The Structure of Visual Working Memory Units тема диссертации и автореферата по ВАК РФ 19.00.02, кандидат наук Марков Юрий Алексеевич

  • Марков Юрий Алексеевич
  • кандидат науккандидат наук
  • 2022, ФГАОУ ВО «Национальный исследовательский университет «Высшая школа экономики»
  • Специальность ВАК РФ19.00.02
  • Количество страниц 100
Марков Юрий Алексеевич. The Structure of Visual Working Memory Units: дис. кандидат наук: 19.00.02 - Психофизиология. ФГАОУ ВО «Национальный исследовательский университет «Высшая школа экономики». 2022. 100 с.

Оглавление диссертации кандидат наук Марков Юрий Алексеевич

Table of content

1. Introduction

2. Features vs. objects as units of visual working memory 10 2.1 Independent processing of features mediated by object-based representation

3. Representation of real-world objects in visual working memory 15 3.1 Non-holistic representation of real-world objects in visual working memory

4. Retrieval of information from visual working memory 21 4.1 Item distinctiveness in object and object-location memory





Appendix A. Different features are stored independently in visual working memory but

mediated by object-based representations

Appendix B. Real-world objects are not stored in holistic representations in visual

working memory

Appendix C. Effects of item distinctiveness on the retrieval of objects and object-

location bindings from visual working memory

Рекомендованный список диссертаций по специальности «Психофизиология», 19.00.02 шифр ВАК

Введение диссертации (часть автореферата) на тему «The Structure of Visual Working Memory Units»

1. Introduction General research problem

At every second, we perceive and interact with the complex and rich world that contains various objects with many details. Working memory is a highly limited cognitive system (Cowan, 2001; Miller, 1956) that allows us to store and operate information about the perceived world immediately accessible for the ongoing task (Baddeley, 1986; Baddeley & Hitch, 1974). Visual working memory operates visual information and, as a subsystem of working memory, is also limited (Luck & Vogel, 1997). It is essential to understand the nature of the representations maintained by visual working memory to build a comprehensive theory of visual working memory. For the last several decades, there has been a long-lasting debate about the structural units of visual working memory. Numerous studies have provided evidence that both unitary objects (Cowan, Chen, & Rouder, 2004; Kahneman, Treisman, & Gibbs, 1992; Lee & Chun, 2001; Luck & Vogel, 1997; Luria & Vogel, 2011; Treisman, 1999; Vogel, Woodman, & Luck, 2001; Xu, 2002; Xu & Chun, 2006; Zhang & Luck, 2008) and separate features (see Brady, Konkle, & Alvarez, 2011, for review; Bays, Catalao, & Husain, 2009; Bays, Wu, & Husain, 2011; Fougnie & Alvarez, 2011; Fougnie, Cormiea, & Alvarez, 2013; Pertzov, Dong, Peich, & Husain, 2012; Shin & Ma, 2017; Wang, Cao, Theeuwes, Olivers, & Wang, 2017; Wheeler & Treisman, 2002) could be the units of visual working memory. How could different studies come to such different conclusions? What are the core units of visual working memory? Does visual working memory store whole objects representations or distinct features? Is it possible that neither objects, nor features but something more complex is a unit of visual working memory? Or does it depend on the task? How is information retrieved in various tasks from visual working memory? These are the central questions to the topic of the current work, which characterize the problem of research.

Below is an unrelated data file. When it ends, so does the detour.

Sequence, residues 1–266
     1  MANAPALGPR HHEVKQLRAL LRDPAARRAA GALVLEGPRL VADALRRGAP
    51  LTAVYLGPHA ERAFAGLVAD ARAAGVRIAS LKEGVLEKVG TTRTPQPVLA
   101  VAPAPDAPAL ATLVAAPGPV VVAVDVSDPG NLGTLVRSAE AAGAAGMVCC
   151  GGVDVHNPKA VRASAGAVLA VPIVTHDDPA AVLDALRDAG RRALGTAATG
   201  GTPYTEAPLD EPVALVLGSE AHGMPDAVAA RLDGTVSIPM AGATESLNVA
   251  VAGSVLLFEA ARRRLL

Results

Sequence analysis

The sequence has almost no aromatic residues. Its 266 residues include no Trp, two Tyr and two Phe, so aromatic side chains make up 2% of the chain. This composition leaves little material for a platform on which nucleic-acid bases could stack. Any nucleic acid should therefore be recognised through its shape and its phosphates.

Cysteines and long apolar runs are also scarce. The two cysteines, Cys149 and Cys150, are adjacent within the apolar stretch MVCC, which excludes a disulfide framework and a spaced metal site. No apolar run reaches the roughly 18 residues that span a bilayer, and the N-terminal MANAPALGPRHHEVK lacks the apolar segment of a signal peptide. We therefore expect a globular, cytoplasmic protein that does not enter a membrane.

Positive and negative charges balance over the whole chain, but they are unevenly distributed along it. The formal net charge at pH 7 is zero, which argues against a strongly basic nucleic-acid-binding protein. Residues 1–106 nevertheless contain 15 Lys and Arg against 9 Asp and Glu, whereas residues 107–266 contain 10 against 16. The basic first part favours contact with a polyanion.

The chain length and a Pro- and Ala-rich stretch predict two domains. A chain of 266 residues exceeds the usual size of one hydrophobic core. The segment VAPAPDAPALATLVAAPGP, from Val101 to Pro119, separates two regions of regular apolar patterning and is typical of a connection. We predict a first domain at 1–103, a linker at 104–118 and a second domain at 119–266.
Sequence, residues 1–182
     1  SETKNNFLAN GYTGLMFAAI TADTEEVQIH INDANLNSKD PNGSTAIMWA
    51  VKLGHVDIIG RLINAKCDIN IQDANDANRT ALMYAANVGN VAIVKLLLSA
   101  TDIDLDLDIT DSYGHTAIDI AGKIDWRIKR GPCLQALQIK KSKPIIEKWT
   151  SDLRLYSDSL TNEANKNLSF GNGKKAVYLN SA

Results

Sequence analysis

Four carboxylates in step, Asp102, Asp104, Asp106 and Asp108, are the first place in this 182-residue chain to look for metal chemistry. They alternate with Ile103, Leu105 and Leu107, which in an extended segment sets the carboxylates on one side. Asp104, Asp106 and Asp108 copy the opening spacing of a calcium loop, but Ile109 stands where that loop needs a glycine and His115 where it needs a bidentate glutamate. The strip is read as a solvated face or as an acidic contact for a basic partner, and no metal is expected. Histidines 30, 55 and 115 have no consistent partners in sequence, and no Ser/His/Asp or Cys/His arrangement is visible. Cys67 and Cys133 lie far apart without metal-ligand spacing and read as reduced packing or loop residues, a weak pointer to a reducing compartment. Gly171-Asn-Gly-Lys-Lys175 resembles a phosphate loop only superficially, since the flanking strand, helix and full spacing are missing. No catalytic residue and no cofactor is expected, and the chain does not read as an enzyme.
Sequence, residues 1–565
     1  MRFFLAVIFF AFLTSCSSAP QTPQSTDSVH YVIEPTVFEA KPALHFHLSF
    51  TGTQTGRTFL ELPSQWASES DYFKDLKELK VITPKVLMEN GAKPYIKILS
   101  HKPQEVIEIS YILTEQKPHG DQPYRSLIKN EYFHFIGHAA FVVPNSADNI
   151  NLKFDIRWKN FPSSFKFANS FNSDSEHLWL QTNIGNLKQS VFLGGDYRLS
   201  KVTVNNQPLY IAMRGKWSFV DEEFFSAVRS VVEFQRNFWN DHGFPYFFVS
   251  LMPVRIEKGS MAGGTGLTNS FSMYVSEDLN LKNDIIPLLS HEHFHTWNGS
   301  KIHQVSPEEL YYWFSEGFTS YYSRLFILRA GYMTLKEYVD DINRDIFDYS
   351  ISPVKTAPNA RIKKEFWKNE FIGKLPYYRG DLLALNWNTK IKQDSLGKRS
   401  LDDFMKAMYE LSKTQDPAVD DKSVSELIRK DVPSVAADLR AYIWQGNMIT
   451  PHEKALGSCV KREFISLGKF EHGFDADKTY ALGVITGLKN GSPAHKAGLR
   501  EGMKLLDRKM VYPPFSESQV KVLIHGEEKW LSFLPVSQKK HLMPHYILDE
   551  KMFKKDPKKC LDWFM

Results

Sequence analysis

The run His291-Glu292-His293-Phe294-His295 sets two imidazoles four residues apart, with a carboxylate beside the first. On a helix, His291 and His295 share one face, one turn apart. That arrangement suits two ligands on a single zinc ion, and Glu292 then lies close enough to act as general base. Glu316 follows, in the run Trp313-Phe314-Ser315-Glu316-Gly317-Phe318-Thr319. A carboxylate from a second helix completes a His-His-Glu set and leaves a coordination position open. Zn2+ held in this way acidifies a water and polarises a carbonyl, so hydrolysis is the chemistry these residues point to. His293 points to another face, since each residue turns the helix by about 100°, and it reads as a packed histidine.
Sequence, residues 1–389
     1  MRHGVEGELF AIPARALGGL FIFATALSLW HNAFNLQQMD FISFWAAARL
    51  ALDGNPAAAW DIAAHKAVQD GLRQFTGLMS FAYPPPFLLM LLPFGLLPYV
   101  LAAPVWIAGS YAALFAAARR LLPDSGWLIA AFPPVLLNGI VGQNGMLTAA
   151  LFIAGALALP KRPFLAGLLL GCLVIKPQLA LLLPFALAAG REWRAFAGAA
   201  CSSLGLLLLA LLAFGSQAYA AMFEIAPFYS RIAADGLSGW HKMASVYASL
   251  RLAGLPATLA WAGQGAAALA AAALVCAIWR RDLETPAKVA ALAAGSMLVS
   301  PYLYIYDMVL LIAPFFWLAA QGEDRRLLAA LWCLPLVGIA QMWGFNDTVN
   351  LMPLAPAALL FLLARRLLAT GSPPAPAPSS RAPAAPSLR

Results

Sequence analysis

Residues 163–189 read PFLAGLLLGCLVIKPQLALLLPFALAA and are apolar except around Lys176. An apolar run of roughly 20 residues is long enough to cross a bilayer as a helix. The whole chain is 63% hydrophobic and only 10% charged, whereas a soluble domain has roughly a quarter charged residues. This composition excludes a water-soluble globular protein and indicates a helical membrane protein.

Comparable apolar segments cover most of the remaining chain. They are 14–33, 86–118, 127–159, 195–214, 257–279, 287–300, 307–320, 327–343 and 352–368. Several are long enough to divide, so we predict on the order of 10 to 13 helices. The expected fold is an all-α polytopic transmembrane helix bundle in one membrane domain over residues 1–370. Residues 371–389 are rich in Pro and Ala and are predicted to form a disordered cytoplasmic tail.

The main aim of this PhD thesis is to study the structure of visual working memory representations.

Research goals

• To analyze current research on the topic of visual working memory representations

• To empirically test feature- and object-based units of visual working memory

• To conduct base of images of real-world objects and test visual working memory for real-world objects

• To test retrieval from visual working memory under different tasks Methodological and theoretical basis of the current work

The dissertation is based on several theoretical frameworks: feature-integration theory of visual perception and attention (Treisman, 2006); object-based visual working memory theories (Luck & Vogel, 1997; Zhang & Luck, 2008); resource-based models of visual working memory (Bays & Husain, 2008; Bays, Catalao & Husain, 2009; Bays, 2014; Bays, 2015; Schneegans & Bays, 2017); interference model of visual working memory (Oberauer & Lin, 2017); hierarchical encoding theory in visual memory (Brady, Konkle, Alvarez, 2011; Brady, Alvarez, 2011); target confusability competition model (Schurgin, Wixted, & Brady, 2020).

Methods of the research

Laboratory psychophysical experiments using methods modified for research tasks: continuous report task (Wilken & Ma, 2004; Zhang & Luck, 2008), exemplar-state task (Utochkin & Brady, 2020). We used descriptive statistics, RM ANOVA, t-tests to analyze the results. We used mixture models to process raw data (Zhang & Luck, 2008; Suchow, Brady, Fougnie, & Alvarez, 2013).

Summary of scientific novelty